quinta-feira, 7 de agosto de 2008

Workaround for the Scoping Gotcha

My colleague pointed out to me today that you can get around the scoping issue I mentioned by writing your method like this :



Method f() {
set x = 6
set m = "write !,"_x ; difference
xecute m
}



What's the difference? Instead of including the name of the variable x inside the string, you concatenate the value of the local variable x with the string at run-time, before the string is finally evaluated. Because the value of x is resolved before the xecute, things work as you'd expect.

That's true. But I still regard this as a serious bug. An equivalent python program :



class A :
def f(self) :
x = 6
m = "print x"
exec m

x = 9
a = A()
a.f()



prints what you'd expect : the number 6.

What's really going on to cause this issue in Caché? My guess is that the OO layer in Caché is compiled down to plain Caché .int routines which don't have a significantly different semantics or scoping rules to Caché ObjectScript. In order to get the effect of the private world inside the object, at compile time the variable x is renamed to some object-specific equivalent. Of course, this renaming affects the real references to x, but not the string assigned to m.

When the VM then tries to xecute the string, it encounters the name x but finds no binding in the local execution frame and so, according to COS's dynamic scoping rules, has to look down the stack for a frame which does have a binding, the place from which we call y.f(), where x is bound to 9.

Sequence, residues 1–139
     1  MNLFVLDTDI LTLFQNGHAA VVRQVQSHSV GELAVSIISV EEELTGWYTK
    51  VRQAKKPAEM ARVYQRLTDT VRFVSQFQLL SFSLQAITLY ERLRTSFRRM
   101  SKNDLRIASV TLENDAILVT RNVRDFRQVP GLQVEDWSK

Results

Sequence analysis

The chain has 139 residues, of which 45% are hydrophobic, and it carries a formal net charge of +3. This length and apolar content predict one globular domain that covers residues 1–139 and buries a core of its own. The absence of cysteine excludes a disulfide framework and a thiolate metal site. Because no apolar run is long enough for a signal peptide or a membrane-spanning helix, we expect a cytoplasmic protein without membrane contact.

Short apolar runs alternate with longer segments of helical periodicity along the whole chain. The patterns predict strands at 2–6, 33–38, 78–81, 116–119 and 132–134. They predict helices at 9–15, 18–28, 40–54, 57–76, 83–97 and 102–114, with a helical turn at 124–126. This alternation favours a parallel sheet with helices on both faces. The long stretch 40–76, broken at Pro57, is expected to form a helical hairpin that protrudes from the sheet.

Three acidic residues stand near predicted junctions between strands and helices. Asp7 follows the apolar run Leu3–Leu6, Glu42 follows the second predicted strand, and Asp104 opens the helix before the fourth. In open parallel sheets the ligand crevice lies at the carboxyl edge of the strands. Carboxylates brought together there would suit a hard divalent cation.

Of course, this hypothesis might be completely wrong. Expert correction is welcome.

2 comentários:

Frank disse...

That workaround wouldn't help on a real situation, because if you need to indirectly execute something is because you don't know what to be executed by the time you are going to execute. So, you can't do that switch on the workaround!

phil jones disse...

Frank.

I'm not convinced. :-)

I'd need to see a real example which a) genuinely depended on a string being passed as an argument to the method, b) the string referenced a local name in the method, and c) this was a *sane* way to solve a problem, rather than something constructed to trigger this bug.

I still agree that this is a bug and shouldn't be in Caché, but I accept that the work-around covers all the cases for which you might reasonably and safely be doing this kind of xecute.
Sending strings which contain names that are local to the method means that the outside is relying on information about the internals of the method that really should be hidden from it. That's just *so* wrong in every possible way.